The big ‘Siren’, the sea cow, is the only marine extermination I want to mention – so far there have been few, and none other of them mammals, as far as we know for sure. But what we have in all these mentioned cases is a spreading sequence of massacres that together constitute holocausts.  Some of us now are trying to stop the terminating massacres in the false name of ‘sustainable use’, those that complete the holocausts, the ‘Final Solutions’. Such local massacres, leading to near-eliminations, are sometimes described nowadays by another convenient term of fashion – ‘over-fishing’. But that is a distorted use of the phrase, which was coined in the 1930s to mean something like ’reduced to less than an optimum population which could sustain a high continuous catch’.  The ‘mining’ of marine mammals doesn’t work like that.  The populations are reduced until profit is negligible, the costs become too high, and/or the market contracts for whatever reason. Japanese entrepreneurs now strive to keep the whale meat market alive with an eye to a flourishing future business, and keeping the technology and associated human skills in being. The third necessary element – opportunity offered by weak or absent law or other, ethical, restraints – is in limbo. Apart from the still numerous minke whales (two or three species, in all oceans) that ‘real hunters’ could not be bothered to chase and blow-up until half a century ago, there are now just small groups surviving in a few places, and in some actually increasing again.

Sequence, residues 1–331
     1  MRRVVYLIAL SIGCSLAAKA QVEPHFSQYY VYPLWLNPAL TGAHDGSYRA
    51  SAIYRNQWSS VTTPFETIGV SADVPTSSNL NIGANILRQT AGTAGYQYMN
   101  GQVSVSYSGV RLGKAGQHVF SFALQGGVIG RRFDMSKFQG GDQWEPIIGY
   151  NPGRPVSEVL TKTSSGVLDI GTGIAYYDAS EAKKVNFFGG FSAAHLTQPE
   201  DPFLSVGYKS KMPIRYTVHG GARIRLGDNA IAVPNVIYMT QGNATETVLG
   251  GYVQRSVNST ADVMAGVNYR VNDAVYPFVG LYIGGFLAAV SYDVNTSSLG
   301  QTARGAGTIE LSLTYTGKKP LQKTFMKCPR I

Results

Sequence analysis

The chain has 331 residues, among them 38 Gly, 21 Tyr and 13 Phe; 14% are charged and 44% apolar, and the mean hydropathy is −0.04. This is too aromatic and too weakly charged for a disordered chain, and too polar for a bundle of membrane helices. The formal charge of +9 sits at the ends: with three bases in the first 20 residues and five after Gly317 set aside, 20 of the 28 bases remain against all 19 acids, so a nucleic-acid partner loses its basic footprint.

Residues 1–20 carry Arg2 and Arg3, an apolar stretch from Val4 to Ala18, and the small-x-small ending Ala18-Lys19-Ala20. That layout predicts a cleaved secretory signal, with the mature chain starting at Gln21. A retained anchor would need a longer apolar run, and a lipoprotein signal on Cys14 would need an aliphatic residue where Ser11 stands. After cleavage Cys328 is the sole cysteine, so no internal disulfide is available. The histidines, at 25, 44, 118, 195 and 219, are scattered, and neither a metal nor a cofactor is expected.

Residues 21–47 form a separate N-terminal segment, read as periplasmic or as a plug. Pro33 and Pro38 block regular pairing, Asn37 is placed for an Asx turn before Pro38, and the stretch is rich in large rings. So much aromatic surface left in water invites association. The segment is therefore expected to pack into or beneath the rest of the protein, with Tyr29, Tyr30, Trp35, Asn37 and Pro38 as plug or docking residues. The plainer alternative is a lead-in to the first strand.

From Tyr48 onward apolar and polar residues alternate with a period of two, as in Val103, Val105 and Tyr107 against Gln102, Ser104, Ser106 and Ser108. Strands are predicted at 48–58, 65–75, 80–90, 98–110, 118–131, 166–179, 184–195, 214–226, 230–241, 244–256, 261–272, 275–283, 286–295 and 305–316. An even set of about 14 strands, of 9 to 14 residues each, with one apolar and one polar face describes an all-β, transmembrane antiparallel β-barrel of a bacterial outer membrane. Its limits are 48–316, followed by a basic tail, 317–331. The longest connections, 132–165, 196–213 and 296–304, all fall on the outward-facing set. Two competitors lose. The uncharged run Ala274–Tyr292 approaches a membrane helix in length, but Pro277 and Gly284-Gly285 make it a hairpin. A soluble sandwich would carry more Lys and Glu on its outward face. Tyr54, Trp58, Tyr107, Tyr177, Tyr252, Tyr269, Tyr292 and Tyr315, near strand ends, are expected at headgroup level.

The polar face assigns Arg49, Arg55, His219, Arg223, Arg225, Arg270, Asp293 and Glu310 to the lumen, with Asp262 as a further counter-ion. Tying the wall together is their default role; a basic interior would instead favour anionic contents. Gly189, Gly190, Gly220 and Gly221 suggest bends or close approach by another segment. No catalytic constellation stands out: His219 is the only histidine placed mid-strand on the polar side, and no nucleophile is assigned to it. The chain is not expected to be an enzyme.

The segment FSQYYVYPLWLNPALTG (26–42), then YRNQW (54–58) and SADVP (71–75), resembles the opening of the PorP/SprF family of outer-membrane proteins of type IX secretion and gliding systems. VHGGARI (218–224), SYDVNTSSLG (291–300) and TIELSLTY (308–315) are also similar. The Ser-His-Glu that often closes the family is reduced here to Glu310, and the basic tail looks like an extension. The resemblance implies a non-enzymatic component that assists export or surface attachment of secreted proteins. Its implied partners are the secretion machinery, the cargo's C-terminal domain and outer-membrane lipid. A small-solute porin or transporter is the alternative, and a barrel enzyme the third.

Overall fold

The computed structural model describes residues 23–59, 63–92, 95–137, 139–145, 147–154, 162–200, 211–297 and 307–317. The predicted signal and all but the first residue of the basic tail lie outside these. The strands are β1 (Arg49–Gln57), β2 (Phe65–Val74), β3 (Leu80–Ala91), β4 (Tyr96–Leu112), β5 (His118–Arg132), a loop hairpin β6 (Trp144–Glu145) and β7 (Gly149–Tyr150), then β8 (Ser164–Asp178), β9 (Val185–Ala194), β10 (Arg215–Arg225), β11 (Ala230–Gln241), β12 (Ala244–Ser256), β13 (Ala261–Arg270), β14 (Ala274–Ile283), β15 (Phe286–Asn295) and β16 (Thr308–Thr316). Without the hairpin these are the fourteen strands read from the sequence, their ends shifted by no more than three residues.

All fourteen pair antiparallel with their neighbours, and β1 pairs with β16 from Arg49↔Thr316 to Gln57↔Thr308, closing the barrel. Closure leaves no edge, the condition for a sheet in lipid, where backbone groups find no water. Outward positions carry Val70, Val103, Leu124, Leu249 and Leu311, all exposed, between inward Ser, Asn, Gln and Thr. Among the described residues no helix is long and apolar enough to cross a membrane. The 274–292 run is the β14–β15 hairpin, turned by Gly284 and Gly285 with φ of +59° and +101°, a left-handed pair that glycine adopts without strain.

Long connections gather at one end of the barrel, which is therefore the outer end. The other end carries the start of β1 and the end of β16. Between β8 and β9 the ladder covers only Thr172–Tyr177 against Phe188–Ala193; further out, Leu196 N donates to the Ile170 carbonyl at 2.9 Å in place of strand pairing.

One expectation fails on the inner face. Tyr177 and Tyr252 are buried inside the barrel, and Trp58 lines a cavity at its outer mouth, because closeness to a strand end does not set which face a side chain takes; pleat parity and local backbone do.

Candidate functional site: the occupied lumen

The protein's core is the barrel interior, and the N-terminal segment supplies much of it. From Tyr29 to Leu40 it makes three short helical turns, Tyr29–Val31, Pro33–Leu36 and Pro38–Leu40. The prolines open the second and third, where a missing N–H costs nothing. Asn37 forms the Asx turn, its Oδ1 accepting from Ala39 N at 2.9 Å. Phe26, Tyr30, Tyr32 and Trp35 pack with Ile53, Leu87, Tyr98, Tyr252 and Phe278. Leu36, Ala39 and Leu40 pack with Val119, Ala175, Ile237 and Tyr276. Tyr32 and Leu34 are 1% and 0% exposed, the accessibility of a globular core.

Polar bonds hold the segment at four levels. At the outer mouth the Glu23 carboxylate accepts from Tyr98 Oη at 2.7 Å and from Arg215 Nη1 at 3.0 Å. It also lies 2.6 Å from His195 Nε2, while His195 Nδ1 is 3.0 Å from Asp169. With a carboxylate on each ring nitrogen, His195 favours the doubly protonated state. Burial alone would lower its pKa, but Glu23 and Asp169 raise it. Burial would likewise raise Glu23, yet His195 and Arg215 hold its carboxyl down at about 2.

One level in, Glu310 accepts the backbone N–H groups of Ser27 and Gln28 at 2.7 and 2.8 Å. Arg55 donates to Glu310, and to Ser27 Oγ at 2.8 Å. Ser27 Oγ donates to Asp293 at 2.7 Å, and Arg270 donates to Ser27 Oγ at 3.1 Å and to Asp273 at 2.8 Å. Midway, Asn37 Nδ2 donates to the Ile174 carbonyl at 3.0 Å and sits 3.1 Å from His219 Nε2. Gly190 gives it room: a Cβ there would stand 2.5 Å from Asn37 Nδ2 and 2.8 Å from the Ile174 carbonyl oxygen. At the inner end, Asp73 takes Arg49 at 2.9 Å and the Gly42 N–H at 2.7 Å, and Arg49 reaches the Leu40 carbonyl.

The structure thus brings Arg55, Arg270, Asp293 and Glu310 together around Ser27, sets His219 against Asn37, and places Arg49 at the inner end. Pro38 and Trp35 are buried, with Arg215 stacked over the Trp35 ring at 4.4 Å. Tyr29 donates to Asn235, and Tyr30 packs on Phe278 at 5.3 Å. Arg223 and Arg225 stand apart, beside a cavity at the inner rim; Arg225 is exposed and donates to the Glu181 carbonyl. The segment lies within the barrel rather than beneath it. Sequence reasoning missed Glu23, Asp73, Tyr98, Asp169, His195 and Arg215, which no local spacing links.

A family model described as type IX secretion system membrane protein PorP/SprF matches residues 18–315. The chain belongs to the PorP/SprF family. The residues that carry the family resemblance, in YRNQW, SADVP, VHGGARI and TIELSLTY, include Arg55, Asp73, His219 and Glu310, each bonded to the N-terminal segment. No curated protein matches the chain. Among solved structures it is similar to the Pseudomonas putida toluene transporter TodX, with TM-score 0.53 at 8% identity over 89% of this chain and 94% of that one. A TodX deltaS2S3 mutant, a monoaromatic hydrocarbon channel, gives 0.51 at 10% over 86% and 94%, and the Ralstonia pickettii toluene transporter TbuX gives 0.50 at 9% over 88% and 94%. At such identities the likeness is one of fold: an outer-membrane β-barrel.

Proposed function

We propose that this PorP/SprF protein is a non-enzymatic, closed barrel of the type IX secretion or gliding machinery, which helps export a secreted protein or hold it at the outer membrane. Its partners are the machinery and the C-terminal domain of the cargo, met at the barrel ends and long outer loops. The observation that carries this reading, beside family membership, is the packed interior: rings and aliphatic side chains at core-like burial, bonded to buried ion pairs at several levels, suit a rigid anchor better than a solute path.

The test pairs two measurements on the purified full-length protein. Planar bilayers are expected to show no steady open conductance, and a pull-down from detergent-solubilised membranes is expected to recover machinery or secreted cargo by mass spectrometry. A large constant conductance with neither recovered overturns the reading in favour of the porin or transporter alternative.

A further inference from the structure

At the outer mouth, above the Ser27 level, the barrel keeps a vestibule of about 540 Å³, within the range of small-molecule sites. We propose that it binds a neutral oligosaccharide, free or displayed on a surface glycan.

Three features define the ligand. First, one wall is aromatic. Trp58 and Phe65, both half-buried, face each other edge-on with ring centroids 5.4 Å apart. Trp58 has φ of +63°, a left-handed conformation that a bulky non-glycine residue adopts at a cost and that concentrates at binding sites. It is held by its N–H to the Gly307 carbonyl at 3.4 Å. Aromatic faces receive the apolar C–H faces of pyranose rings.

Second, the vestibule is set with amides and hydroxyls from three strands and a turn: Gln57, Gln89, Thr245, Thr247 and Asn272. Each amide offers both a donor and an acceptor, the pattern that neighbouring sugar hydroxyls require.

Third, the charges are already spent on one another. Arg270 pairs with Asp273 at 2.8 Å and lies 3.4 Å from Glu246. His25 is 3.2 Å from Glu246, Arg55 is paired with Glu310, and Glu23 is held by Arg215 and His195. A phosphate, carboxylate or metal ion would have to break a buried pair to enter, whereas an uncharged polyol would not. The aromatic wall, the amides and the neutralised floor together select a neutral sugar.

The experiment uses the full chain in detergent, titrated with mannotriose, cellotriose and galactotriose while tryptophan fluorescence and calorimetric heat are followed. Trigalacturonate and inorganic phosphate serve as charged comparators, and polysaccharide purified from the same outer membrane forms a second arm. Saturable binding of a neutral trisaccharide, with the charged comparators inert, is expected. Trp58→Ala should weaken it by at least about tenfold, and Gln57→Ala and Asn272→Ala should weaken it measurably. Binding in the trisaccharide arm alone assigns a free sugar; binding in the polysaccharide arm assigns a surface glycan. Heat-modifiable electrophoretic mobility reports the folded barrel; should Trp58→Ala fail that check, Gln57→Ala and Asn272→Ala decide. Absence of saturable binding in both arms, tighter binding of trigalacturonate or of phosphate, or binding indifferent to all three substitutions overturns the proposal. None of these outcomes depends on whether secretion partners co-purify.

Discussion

I am tempted here to use a phrase I have heard many times in recent days with reference to what we hope are the closing stages of the civil war in Libya: Pockets of Resistance. One of the few is the fin whales of a North Atlantic clan that continue,  so stupidly, to feed near Iceland. But, to retain basic optimism about the human species it might be enough to see, day after day, the wonderful images of whales that the Asian underwater photographer, Tony Wu, sends via the Internet to his friends, recently mostly from Tonga: humpback mothers with their calves. 

No comments: